SAN DIEGO — After winning eight straight, including three during the strike, the San Diego Chargers are struggling.
They were whipped by the Denver Broncos, 31-17, Sunday, one week after Seattle beat them, 34-3.
That means they are a cumulative 45 points worse than their top two AFC West contenders.
"Nobody said it would be easy but this has proven to be very difficult," quarterback Dan Fouts said.
Even more difficult to watch. Destiny's darlings are falling all over their cliches. They will at least remain tied for first following Seattle's game tonight with the Raiders, yet in the last 10 quarters, their offense has scored one touchdown, and their defense has allowed 10 touchdowns.
This is not an Al Saunders-style team, unless Saunders shows up at work this morning in jeans and dirty T-shirt.
Third-down breakdowns, quarterbacks outrunning your best running backs, cornerbacks beaten by passes that travel more than half the field in the air.
The Chargers scored on the longest interception return in NFL history--103 yards by Vencie Glenn--and it meant nothing. Dan Fouts threw for more than 300 yards (322) for the 50th time in his life, and it meant nothing.
"It's just too bad we can't take care of our own business any better than that," said safety Martin Bayless.
Denver quarterback John Elway completed 21 of 32 passes for a season-high 347 yards and 3 touchdowns, and he ran for 40 more. He has 1,086 total yards in his last three games.
But the Chargers (8-3) were more inclined to blame themselves for the loss.
"We have to so some soul searching," Glenn said. "We have to start playing again. We have to try to beat somebody."
Trailing, 17-10, with 1:08 left in the first half, the Chargers drove 64 yards to the Bronco one. And they did not score. No touchdown, no field goal. No kidding.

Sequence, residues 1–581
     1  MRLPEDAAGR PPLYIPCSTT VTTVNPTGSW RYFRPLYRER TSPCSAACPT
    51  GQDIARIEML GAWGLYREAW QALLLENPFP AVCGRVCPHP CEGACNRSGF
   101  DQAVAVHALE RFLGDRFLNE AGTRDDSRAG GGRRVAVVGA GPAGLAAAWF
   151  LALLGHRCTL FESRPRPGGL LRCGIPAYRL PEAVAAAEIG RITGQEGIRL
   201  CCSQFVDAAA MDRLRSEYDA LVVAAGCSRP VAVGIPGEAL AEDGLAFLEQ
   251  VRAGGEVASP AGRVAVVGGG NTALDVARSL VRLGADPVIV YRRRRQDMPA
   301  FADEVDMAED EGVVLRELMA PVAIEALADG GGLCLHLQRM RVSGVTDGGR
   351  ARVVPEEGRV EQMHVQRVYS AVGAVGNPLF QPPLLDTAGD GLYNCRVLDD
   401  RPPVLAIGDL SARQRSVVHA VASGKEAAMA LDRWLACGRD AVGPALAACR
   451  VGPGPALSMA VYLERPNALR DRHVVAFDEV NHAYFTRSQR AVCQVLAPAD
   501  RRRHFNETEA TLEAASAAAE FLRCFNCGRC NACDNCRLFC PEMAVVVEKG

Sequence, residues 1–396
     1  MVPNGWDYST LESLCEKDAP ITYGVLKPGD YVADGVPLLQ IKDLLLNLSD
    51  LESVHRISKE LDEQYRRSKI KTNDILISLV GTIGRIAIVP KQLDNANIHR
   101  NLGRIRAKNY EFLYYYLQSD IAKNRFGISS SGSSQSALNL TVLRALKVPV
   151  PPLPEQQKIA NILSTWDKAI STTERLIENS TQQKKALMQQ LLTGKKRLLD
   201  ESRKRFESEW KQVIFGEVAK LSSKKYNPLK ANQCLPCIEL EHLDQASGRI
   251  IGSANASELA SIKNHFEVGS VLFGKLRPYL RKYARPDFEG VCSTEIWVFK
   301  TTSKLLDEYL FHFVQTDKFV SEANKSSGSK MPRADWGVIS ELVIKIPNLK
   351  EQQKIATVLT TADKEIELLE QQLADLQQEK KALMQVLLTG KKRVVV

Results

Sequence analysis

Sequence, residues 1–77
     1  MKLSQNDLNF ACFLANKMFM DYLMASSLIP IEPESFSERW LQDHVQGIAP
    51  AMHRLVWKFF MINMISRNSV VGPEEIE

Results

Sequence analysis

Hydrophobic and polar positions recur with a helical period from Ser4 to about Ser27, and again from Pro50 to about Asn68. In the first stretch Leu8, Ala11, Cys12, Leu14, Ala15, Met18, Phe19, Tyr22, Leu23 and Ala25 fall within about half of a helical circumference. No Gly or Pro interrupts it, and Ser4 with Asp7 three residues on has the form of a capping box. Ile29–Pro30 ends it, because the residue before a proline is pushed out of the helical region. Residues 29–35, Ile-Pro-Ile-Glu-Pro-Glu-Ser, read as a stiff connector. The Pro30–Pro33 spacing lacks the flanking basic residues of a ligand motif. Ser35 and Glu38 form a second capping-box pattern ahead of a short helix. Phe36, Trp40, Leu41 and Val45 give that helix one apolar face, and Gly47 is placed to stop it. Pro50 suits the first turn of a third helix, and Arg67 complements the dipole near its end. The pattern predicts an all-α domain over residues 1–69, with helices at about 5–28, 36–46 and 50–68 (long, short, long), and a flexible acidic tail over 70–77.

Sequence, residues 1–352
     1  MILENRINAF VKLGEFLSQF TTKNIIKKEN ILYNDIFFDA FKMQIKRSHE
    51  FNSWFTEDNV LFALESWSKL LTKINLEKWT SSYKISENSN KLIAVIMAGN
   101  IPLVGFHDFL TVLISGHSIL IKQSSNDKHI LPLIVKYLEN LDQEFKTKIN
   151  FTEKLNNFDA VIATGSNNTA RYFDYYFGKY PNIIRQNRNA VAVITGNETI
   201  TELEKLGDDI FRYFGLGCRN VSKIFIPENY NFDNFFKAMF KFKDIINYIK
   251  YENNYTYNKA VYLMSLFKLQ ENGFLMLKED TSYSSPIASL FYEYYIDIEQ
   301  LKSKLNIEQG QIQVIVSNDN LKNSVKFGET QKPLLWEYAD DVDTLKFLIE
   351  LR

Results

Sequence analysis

On third-and-goal from the Bronco seven-yard-line, with 17 seconds and no Charger timeouts left, here's what happened: Charger tight end Kellen Winslow ran to the end zone, Fouts threw a ball into the end zone, and Winslow caught the ball.
But not all at the same time.
Running a simple outside pattern, Winslow leaped and seemed to catch the ball at the six-point side of the goal line. But Denver defensive backs Mike Harden and Randy Robbins were hanging on his back, and pushed him, in mid-air, back to the other side of the goal line.
Winslow landed on the one-yard line and began fighting to get across. Denver defenders Steve Wilson and Jeremiah Castille joined the fray, making it four on one, with Winslow going nowhere.
By now, there were just five seconds left and, with no timeouts, the Chargers couldn't get their field-goal unit on the field in time.
"I thought I scored," said Winslow, "but what I think doesn't matter. I was in the end zone. The only thing that could have happened was, I might stepped back to the ball and gone back over the line."
Saunders said: "We were yelling for a replay, but they were so slow to spot the ball afterward, we had to stop yelling and get our field-goal team out there, and by then it was too late. We practice that emergency field goal team thing everyday. If they had spotted the ball quicker, we might have had a chance."
Safety Mike Davis said: "We get that, it's 0-0, a new game. We needed that."
After the first two Bronco series of the second half, it was no game. Immediately after the second-half kickoff, Elway took his team 55 yards in 9 plays for a touchdown, passing 5 yards to Gene Lang for the score.
Then after the Chargers could do nothing in 8 plays, Elway took his team 80 yards in 9 plays for another touchdown, this time passing 9 yards to Van Johnson for the score to make it 31-10.
If the Seahawks win, as expected, tonight against the Raiders, the Chargers are no longer alone in first place in the AFC West.
The Chargers are just a half-game ahead of Denver (7-3-1) and two games ahead of the four 6-5 teams in the race for one of two wild-card spots.
The Chargers' four remaining games are all against playoff-contending teams, including next week's trip to Houston and a season-ending trip to Denver.